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December 22, 2017

EJRC Article Review




Circulatory failure or shock is characterised by haemodynamic alterations that result in impaired tissue perfusion with a high risk of death, around to 30% to 40% for adults and 5% to 17% for children with septic shock (2). Fluid resuscitation is the universal initial therapy in these patients, with the aim to increase stroke volume (SV) and improve vital organ perfusion and oxygen delivery (3). However, only about 50% of patients hospitalised for acute circulatory failure, are considered fluid responsive, with an increase in stroke volume of >10% following a fluid challenge (4) or Passive Leg Raising (5).

The aim of this study (1) was to systematically review the test characteristics of respiratory variation in inferior vena cava (IVC) diameter as a predictor of fluid responsiveness (FR) in patients with acute circulatory failure. Respiratory variation in inferior vena cava (IVC) diameter has been reported as a noninvasive, easily obtained measure with a low frequency (2–5 MHz) curved array transducer and a subxiphoid 2D view, 1 cm caudal to the confluence of the haepatic veins. IVC diameter has been studied in spontaneously ventilating patients, using the decrease in diameter during inspiration (termed collapsibility index (CI), positive test >40%–50%), and also in mechanically ventilated patients, using the increase in diameter during positive pressure ventilation (termed distensibility index (DI), positive test >12%–18%) (6.7).

Seventeen prospective observational studies involving 533 patients were included, three included only children <18 years of age, and the remaining included adults only. Eleven studies included mechanically ventilated patients only, five included non-ventilated patients only, and in one study the ventilatory status was unclear. Quality assessment was performed using the Quality Assessment of Diagnostic Accuracy Studies-2 (QUADAS-2) domains. 253 patients (47%) were fluid responders in term of SV changes measured by trans-pulmonary thermodilution, pulse contour analysis or bioreactance, but the reference standard tests were most commonly SV/SVi or cardiac output/cardiac index measured using transthoracic echocardiography. The mean threshold value for a positive IVC DI was 16% and for CI was 42%. The overall pooled sensitivity and specificity of respiratory variation in IVC diameter for predicting fluid responsiveness were 0.63 (95% CI 0.56–0.69) and 0.73 (95% CI 0.67–0.78), respectively. This systematic review found that overall, respiratory variation in IVC diameter performs moderately well in predicting FR, with a pooled area under the receiver operating characteristic curve of 0.79 (SE 0.05). A positive IVC ultrasound is moderately predictive of FR, with a pooled specificity of 0.73 (95% CI: 0.67–0.78), but not for negative IVC with a pooled sensitivity of 0.63 (0.56–0.69). There are many limitations of this review, some of which are directly linked to the measurement methods of the IVC diameter in individual studies, including inter/intra-observer variability. When reported, the latter were 1.5% to 8% and 6.2% to 9%, respectively (8, 9, 10, 11, 12). Furthermore this systematic review included a wide range of study participants, study settings, reference tests, and reporting methods for validating the index test, consequently the large degree of heterogeneity limited the ability of included studies to be compared and precluding sensitivity analysis.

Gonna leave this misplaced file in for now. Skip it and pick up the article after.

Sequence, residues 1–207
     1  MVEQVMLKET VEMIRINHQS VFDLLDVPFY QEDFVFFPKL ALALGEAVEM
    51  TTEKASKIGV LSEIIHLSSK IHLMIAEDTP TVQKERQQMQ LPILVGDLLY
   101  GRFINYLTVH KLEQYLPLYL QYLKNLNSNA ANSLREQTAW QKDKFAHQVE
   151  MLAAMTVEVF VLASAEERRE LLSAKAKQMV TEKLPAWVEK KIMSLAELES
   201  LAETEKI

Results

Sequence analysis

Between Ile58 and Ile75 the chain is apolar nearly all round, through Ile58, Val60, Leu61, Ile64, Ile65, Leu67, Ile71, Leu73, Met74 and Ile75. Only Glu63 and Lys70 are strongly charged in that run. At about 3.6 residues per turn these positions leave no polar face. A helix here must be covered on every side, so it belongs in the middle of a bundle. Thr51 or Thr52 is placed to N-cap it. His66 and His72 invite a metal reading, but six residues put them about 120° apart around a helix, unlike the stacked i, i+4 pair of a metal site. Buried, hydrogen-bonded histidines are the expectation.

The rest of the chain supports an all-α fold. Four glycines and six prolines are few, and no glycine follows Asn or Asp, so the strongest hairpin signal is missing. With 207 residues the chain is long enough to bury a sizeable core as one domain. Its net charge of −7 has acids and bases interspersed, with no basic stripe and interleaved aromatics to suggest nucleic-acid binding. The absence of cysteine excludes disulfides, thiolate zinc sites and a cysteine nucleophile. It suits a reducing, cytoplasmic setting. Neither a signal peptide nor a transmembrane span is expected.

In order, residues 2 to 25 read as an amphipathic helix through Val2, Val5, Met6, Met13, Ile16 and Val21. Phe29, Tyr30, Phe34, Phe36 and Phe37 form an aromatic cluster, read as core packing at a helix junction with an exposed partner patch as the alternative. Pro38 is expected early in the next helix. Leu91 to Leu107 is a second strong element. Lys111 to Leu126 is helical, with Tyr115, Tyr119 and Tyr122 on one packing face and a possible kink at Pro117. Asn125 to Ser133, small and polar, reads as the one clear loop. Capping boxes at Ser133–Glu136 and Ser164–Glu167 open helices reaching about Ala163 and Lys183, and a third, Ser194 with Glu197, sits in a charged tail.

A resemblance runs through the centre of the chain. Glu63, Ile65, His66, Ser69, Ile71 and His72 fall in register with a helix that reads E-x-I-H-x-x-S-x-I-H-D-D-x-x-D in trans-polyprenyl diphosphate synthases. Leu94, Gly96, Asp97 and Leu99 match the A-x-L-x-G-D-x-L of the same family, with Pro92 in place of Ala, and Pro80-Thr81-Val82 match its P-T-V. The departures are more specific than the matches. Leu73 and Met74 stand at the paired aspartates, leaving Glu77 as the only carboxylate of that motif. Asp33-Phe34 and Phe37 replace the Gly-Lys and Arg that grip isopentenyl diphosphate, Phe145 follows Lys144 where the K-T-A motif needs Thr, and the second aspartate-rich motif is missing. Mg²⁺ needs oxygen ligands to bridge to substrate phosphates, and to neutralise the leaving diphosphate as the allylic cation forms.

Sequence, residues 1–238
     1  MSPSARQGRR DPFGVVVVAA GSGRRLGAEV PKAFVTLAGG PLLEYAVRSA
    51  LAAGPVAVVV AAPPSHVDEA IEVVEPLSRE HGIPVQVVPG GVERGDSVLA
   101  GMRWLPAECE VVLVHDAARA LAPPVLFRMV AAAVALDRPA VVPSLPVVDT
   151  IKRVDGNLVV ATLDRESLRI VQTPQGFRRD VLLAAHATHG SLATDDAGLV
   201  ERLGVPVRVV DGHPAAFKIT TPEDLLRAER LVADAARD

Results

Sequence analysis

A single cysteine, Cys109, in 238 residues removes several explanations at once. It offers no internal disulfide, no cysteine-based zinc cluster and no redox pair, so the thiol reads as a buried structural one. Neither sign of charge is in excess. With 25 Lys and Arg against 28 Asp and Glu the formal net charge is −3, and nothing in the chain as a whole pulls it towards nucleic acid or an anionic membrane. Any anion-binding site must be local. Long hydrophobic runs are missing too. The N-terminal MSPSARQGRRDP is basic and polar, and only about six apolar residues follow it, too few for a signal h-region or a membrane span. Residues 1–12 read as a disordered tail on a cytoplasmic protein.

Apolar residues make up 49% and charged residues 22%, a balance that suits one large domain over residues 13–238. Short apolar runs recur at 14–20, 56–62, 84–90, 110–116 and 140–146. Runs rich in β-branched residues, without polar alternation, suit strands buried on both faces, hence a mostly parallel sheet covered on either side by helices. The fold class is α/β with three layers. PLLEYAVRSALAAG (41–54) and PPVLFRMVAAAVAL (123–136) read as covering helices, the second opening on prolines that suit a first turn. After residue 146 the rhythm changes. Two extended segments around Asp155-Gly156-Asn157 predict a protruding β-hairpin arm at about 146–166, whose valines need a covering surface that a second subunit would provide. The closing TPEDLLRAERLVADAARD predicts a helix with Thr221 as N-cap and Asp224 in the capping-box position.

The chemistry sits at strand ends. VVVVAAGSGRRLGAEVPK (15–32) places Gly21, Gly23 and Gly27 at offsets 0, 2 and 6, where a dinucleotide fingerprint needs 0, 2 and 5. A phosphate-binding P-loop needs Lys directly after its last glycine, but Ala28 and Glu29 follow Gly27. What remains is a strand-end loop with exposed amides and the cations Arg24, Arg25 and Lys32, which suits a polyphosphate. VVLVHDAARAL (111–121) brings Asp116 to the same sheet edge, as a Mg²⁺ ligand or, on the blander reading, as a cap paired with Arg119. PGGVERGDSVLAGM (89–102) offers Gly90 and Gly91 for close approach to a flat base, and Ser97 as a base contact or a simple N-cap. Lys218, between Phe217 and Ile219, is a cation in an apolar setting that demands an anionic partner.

Take Home Messages

  • From a practical standpoint, respiratory variation in IVC diameter is moderately predictive of fluid responsiveness and is more limited in spontaneously ventilating patients. This finding emphasises that clinical context needs to taken into account when using IVC ultrasound to help make treatment decisions.
  • In future studies, standardising the location, method, and threshold values for a positive test would make comparison between studies easier.

Article review was prepared and submitted by NEXT EJRC member Temistocle Taccheri, Department of Anaesthesiology and Intensive Care Medicine, University of Sacred Heart A. Gemelli School of Medicine, Rome.


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